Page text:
Johann Wolfgang Pozoj - Birth of Pozoj
Aural Music/Code666
Black Metal/Post-Rock
2 songs (54:34)
Release year: 2011
Johann Wolfgang Pozoj, Aural Music/Code666
Reviewed by Charles
This is the first time I’ve ever heard an album referred to as ‘mystical symfocrust’, but code666 certainly has a way of piquing the interest on its promotional material. Actually, Johann Wolfgang Pozoj (a name which takes three impenetrable paragraphs to explain in one interview), from Croatia, are not a wholly new band to me. I rather enjoyed a few tracks off 2009’s Escape of Pozoj, an intriguing meshing of energetic, crusty black metal with post- and ambient ideas. As the name implies, Birth of Pozoj is not the follow-up but its predecessor, originally self-released as the band’s debut but now re-arranged and re-recorded for its new label.

Despite the remaking (which has cut about 15 minutes off the original release’s running length) this still sounds a lot like a debut album. It’s over fifty minutes long and divided into only two tracks; length is hardly unusual in the realms of post-black metal, but brevity rarely goes amiss. The first few minutes of Bellum Omnium Contra Omnes are cause for apprehension, with the band almost immediately drifting off into dreamy walking-pace post-rock, sadly lacking in the kind of well-executed charm possessed by bands like Alcest or Todtgelichter. It gets much better as it gets heavier. The band musters some admirably surly riffing that invokes the crusty likes of Amebix; clunking patterns which rarely accelerate but instead trudge at a sullen but determined mid-tempo. This sits quite nicely alongside the frequent diversions into cleaner noodling, a sort of fragrant soup with jagged lumps of root vegetable in it. The primitive stage we find the band at (Birth…), though, suits the harsh bits whilst lacking the craftsmanship for the flowery passages. At 33 minutes the track feels too long, but there are sections which really gel effectively. At about 23 minutes, for example, the band breaks right down into a near-silent synth and drum patter, which develops with upmost cohesion up and down dynamic slopes and crags, in the kind of manipulation of intensity that the best post-metal strives for. Too bad that after half an hour they couldn’t think of a better way to end the song than on a fade-out!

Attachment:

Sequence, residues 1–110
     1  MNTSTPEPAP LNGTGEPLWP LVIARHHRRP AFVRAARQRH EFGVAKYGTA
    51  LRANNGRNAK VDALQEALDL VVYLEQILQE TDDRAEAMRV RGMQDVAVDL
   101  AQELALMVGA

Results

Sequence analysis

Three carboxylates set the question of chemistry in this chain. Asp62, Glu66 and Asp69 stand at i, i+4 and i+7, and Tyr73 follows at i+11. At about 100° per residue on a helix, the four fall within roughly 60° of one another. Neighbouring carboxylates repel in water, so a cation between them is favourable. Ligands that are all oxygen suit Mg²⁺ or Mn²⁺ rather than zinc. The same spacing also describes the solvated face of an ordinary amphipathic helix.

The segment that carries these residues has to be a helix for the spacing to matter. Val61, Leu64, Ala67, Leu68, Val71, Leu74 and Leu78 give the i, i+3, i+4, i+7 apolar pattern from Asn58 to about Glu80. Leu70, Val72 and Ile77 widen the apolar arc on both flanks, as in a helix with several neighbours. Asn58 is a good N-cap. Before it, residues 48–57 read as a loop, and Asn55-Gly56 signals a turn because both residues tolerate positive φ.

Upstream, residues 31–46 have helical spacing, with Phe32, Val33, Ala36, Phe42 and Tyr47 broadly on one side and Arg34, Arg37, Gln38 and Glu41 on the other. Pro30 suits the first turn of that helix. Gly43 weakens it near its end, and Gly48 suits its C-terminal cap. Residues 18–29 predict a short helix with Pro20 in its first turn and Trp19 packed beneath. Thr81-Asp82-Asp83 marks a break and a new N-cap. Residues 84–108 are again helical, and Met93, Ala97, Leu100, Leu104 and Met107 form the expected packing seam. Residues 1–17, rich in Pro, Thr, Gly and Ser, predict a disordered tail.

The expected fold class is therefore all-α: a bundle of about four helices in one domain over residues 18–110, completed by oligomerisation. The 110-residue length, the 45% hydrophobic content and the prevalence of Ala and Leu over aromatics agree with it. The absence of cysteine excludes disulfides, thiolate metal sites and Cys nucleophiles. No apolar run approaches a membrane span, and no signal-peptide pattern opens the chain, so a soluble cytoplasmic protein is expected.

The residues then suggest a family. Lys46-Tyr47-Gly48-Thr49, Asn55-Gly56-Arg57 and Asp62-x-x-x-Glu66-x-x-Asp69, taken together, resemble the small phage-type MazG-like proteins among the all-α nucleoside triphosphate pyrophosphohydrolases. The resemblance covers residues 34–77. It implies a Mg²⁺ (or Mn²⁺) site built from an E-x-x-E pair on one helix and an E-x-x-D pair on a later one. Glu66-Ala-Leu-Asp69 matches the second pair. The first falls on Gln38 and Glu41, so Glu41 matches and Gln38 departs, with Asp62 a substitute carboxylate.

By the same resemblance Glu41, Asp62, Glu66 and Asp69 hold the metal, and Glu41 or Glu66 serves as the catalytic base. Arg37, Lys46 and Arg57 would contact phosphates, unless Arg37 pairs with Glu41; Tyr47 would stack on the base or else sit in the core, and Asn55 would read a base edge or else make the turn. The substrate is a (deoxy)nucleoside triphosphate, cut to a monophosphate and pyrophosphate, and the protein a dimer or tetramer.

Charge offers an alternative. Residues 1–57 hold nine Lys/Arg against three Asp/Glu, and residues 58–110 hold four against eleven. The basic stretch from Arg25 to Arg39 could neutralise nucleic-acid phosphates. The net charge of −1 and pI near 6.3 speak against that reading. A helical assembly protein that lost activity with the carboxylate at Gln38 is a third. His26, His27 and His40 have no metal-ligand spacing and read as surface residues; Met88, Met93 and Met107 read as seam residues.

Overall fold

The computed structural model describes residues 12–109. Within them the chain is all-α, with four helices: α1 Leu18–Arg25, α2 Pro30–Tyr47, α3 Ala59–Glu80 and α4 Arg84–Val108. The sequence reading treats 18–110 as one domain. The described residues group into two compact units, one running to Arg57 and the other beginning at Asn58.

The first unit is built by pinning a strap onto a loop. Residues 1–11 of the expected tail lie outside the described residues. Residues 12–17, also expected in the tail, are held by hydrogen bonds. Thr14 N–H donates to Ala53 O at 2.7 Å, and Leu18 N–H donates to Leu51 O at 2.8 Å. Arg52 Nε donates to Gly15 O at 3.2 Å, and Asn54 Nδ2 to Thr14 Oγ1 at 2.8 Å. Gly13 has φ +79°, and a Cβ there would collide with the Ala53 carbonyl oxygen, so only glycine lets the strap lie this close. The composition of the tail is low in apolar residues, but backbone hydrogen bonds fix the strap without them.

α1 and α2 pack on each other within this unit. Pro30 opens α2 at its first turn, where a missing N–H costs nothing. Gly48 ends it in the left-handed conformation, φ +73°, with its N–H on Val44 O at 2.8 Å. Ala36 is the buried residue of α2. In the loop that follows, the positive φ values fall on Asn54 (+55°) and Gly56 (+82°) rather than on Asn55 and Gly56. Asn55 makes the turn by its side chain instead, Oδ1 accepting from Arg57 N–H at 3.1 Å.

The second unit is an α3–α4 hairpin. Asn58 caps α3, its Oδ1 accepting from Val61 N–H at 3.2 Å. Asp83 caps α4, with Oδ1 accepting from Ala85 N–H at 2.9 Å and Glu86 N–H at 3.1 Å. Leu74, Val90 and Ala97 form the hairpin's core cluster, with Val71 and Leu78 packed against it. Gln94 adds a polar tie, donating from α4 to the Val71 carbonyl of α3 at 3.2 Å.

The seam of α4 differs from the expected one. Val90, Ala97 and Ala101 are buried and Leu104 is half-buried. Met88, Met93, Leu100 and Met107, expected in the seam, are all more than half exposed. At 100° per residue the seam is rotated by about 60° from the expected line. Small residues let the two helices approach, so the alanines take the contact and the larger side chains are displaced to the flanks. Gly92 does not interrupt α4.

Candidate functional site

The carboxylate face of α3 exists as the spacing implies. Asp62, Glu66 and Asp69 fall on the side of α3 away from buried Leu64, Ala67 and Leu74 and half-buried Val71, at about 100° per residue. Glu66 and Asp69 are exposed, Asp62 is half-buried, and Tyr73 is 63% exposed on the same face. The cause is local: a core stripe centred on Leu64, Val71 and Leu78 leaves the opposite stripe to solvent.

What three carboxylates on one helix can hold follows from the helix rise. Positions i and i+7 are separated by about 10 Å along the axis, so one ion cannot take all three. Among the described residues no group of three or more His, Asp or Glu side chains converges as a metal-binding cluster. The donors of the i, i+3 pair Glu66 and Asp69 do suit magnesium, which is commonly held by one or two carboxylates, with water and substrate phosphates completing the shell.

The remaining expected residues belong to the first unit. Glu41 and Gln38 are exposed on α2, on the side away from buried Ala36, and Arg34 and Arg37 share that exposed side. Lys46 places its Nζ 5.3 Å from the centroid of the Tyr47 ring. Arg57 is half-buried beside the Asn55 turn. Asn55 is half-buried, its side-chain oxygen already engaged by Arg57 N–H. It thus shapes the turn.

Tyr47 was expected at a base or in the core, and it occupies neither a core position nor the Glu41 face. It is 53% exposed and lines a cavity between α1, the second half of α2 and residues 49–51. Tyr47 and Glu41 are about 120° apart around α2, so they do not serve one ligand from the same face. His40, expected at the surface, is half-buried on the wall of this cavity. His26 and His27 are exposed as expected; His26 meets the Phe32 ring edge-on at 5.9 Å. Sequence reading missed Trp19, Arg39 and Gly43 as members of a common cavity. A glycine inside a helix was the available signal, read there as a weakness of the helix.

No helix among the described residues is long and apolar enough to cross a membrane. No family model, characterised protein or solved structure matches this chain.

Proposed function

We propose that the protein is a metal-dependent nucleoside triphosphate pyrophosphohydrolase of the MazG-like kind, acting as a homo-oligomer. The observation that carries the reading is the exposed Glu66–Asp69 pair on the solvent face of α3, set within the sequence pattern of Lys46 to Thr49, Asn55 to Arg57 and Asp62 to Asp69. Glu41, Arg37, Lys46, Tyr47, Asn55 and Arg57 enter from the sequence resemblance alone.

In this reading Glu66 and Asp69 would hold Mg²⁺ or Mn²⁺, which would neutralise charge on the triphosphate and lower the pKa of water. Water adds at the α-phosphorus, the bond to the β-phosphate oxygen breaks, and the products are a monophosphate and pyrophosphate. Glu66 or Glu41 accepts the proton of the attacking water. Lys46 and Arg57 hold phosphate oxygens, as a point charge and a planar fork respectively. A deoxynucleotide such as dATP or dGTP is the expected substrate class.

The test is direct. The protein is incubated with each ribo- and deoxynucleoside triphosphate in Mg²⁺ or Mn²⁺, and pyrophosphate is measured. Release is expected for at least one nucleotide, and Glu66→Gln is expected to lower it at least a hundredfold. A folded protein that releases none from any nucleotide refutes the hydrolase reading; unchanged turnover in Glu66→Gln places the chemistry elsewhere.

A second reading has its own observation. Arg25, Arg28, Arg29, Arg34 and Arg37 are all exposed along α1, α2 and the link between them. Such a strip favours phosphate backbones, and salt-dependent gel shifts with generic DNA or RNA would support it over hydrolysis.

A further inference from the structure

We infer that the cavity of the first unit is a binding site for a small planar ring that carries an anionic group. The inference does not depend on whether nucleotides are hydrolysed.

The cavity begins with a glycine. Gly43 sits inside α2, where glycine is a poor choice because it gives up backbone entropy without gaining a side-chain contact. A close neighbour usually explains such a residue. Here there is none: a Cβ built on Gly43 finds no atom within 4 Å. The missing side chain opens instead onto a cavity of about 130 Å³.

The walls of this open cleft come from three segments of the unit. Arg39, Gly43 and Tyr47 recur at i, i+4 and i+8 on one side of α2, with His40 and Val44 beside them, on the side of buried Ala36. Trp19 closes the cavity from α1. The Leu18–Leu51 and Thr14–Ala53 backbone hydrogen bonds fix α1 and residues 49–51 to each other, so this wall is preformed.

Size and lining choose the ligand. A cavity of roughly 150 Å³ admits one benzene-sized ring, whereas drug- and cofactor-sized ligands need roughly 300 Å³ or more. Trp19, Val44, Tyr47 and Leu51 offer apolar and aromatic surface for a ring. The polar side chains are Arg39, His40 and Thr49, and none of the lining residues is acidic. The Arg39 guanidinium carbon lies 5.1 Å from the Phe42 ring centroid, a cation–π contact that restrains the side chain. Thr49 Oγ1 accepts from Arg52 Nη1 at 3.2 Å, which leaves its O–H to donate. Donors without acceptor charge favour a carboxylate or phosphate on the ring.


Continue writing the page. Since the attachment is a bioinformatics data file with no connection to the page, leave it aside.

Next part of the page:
Second track Queen Emeraldas is a bit more exciting, though. The riffing is more aggressive, often adopting a faster, harsher tone influenced by bands at the weirder end of the black metal spectrum- perhaps Fleurety or Ved Buens Ende spring to mind. The vocals are great; this deep, sarcophagus moan, and the instrumentation becomes a bit more proactive, with vicious interplay between the exuberant drumming and newly-unleashed guitar. Neoclassical organ fills start to parp away in the background approaching the ten-minute mark, giving the sound a slightly unhinged Deep Purple-gone-black feel. The second half of the track, though, just seems to wind down listlessly into long stretches of fairly tedious post-rock noodling.

Birth of Pozoj, then, is a promising debut which will likely be eclipsed once the band re-records their second album, Escape of Pozoj, and unveils their third (this is, apparently, intended to be a trilogy). For those who have not tired of the post-black scene and are interested in a more European take on a sound increasingly dominated by North American acts, this is well worth hunting down and taking note of.

Killing Songs :
Queen Emeraldas
Charles quoted 70 / 100
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